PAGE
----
A Massachusetts General Hospital (MGH)-led study has shown that a set of characteristics, including differences in gene expression, may indicate which patients recovering from severe burns are at greatest risk for repeat infections. The finding is published online in Annals of Surgery.

"Our approach is the first to enable the prediction of repeat infections days or even weeks before they occur," according to Laurence Rahme, MS, PhD, director of the Molecular Surgical Laboratory in the MGH Department of Surgery and senior author of the study. "All current approaches that use biomarkers identify infections after they have occurred."

The ability to predict infection would allow more effective prevention and treatment, help stem the emergence of antibiotic-resistant microorganisms, and reduce healthcare costs, Rahme explains. Infection is the leading cause of death in patients with serious burns, and multiple infections stress patients' ability to heal, delaying their recovery. The usual practice is to initiate antibiotic treatment when symptoms of infection develop.

However, the inability to quickly identify the infecting organism can result in patients' receiving powerful medications that target all likely infecting agents. Antibiotics also may be given prior to surgeries or other procedures that could introduce infection. Notably, the ability to select antibiotic treatment based on a patient's individual susceptibility to infection would open a new pathway to improved treatment, Rahme points out.

Aiming to identify factors associated with increased infection risk, Rahme and colleagues analysed data from patients enrolled in the Inflammation and the Host Response to Injury programme, a multi-institutional NIH-sponsored collaboration investigating the body's response to serious traumatic injury. Out of the more than 570 patients studied in the overall project, all of whom had burns over 20 percent or more of their bodies, Rahme et al. focused on 113 adults for whom gene expression data were collected within a week of their injury. They searched for factors — both clinical characteristics such as age and extent of burns, and gene expression patterns — that differed between the 66 patients with two or more infection episodes and the 47 with one or none.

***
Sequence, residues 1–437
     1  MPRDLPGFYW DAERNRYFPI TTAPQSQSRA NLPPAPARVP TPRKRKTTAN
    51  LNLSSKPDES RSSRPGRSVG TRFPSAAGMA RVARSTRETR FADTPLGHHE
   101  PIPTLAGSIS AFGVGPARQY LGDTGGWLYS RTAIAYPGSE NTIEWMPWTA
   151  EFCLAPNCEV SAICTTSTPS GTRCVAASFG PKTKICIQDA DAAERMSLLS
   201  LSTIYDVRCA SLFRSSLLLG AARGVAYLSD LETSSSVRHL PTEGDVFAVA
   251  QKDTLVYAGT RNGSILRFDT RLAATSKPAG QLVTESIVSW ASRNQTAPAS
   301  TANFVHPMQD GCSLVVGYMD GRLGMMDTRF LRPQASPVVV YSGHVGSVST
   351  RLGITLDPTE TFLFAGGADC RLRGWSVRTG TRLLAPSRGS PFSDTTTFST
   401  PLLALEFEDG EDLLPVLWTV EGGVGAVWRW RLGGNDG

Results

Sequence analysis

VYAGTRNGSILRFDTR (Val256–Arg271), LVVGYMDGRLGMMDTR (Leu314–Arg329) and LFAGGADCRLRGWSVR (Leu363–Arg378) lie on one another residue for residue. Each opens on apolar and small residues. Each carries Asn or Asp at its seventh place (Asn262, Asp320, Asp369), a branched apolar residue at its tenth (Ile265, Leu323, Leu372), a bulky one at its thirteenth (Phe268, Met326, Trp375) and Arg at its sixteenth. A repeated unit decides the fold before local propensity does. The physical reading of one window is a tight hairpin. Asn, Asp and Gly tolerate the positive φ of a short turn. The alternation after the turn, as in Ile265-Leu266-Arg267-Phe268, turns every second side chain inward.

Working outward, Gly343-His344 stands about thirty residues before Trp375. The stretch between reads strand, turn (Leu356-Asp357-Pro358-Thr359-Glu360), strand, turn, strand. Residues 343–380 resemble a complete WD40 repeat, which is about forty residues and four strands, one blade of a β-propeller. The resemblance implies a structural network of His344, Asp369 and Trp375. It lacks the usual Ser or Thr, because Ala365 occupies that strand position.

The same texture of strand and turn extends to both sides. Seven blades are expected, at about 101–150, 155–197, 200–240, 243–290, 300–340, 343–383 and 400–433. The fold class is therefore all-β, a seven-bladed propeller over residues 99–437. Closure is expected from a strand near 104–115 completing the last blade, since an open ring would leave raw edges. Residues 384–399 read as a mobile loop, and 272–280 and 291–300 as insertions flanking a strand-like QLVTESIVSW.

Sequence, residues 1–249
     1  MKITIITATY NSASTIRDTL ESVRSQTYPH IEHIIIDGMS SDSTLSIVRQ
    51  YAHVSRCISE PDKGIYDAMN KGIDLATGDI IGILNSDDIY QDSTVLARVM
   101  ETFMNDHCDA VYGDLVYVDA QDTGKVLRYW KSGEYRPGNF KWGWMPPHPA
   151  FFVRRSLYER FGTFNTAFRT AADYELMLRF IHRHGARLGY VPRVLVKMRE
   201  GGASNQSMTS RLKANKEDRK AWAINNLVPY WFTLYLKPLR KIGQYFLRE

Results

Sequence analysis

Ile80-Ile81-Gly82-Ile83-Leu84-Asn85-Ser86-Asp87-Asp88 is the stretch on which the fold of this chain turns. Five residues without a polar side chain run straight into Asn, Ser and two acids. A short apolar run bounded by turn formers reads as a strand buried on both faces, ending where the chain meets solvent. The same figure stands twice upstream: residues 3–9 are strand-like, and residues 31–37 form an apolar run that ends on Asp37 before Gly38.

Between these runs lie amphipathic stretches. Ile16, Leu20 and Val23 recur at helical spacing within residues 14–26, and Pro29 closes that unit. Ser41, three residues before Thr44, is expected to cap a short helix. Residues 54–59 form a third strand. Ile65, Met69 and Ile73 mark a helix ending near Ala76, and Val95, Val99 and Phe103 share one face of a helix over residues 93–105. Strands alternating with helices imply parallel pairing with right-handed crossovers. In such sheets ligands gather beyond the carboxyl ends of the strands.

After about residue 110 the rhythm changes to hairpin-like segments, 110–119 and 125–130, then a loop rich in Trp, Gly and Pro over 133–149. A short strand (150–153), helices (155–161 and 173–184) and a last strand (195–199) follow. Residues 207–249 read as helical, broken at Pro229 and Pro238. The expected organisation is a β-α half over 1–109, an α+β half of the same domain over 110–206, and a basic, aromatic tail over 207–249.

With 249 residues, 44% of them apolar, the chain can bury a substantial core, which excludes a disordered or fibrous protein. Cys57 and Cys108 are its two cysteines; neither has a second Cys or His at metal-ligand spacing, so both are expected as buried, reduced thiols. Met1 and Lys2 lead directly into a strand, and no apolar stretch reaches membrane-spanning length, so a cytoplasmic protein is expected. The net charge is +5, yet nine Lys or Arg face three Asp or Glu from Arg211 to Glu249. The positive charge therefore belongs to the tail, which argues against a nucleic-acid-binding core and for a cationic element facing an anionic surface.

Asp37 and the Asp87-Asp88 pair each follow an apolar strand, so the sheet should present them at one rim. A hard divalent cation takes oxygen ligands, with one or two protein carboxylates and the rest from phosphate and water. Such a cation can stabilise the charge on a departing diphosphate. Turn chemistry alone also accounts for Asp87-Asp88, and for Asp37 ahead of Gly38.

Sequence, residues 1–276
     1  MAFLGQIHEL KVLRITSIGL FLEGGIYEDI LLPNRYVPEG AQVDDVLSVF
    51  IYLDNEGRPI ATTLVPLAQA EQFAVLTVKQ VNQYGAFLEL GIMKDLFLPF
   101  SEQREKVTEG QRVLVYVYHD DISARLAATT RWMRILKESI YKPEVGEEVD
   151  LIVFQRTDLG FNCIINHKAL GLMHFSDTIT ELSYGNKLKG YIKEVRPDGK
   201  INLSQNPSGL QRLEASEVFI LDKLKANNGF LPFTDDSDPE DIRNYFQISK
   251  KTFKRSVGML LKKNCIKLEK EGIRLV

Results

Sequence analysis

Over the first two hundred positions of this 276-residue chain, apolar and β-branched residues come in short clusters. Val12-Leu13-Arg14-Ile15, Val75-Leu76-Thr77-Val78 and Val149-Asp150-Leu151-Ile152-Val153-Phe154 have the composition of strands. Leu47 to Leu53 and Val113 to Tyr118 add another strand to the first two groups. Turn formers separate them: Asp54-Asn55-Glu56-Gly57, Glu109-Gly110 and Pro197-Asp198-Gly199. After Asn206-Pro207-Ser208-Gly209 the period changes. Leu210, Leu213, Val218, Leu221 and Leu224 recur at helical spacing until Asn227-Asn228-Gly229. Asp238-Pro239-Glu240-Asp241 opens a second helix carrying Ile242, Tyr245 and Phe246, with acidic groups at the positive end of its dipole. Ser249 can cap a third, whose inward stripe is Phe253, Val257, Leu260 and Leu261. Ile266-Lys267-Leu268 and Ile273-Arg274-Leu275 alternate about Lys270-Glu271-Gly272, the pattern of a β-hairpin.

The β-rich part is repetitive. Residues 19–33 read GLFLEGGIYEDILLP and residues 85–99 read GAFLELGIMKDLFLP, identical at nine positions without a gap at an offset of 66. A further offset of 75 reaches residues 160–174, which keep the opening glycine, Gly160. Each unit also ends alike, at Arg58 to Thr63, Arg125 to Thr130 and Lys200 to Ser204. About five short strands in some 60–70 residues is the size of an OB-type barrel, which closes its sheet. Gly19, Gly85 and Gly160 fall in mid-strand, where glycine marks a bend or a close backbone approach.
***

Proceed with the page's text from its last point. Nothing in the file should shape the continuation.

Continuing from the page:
The investigators found that factors currently used to estimate infection risk — patients' age, the extent of burn injury and lung injury from smoke inhalation — could help predict multiple infections. Moreover, they found that a biomarker model based on observed differences in gene expression correctly predicted the infection susceptibility of over 80 percent of patients.

Analysis of risk-associated differences indicated that the expression of genes involved with the immune response, overall metabolism, and epigenetic functions (such as regulating the expression of other genes) was significantly different in patients who experienced multiple infection episodes, implying that impairment of those functions could be behind increased risk of infection.

"Using genomic signatures to understanding why some patients are more susceptible to infection may allow the design of novel, personalised therapies that would support our fight against the antibiotic resistance crisis," says Shuangchun Yan, PhD, of the MGH Department of Surgery and lead author of the current study.

"Our findings also may have very broad applicability to causes of infection other than burns, particularly in the care of military personnel, among whom multidrug-resistant infection of blast and other combat injuries has become a major cause of illness and death. These infections cause grave suffering, severe pain, emotional and physical stress, and considerable financial burdens to patients, their families and to health care systems," explains Rahme, who is also an associate professor of Surgery, Microbiology and Immunobiology at Harvard Medical School.

She adds, "With our focus on innovative ways to counter these infections through the development of biomarker panels and our pioneering work on anti-virulence therapies that block pathogenesis but not cell viability, we hope to open new avenues to treat and prevent infection that do not contribute to antibiotic resistance."

Source: Massachusetts General Hospital
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Infections, Biomarkers, antibiotic resistance, burn, gene expression A Massachusetts General Hospital (MGH)-led study has shown that a set of characteristics, including differences in gene expression, may indicate which pati...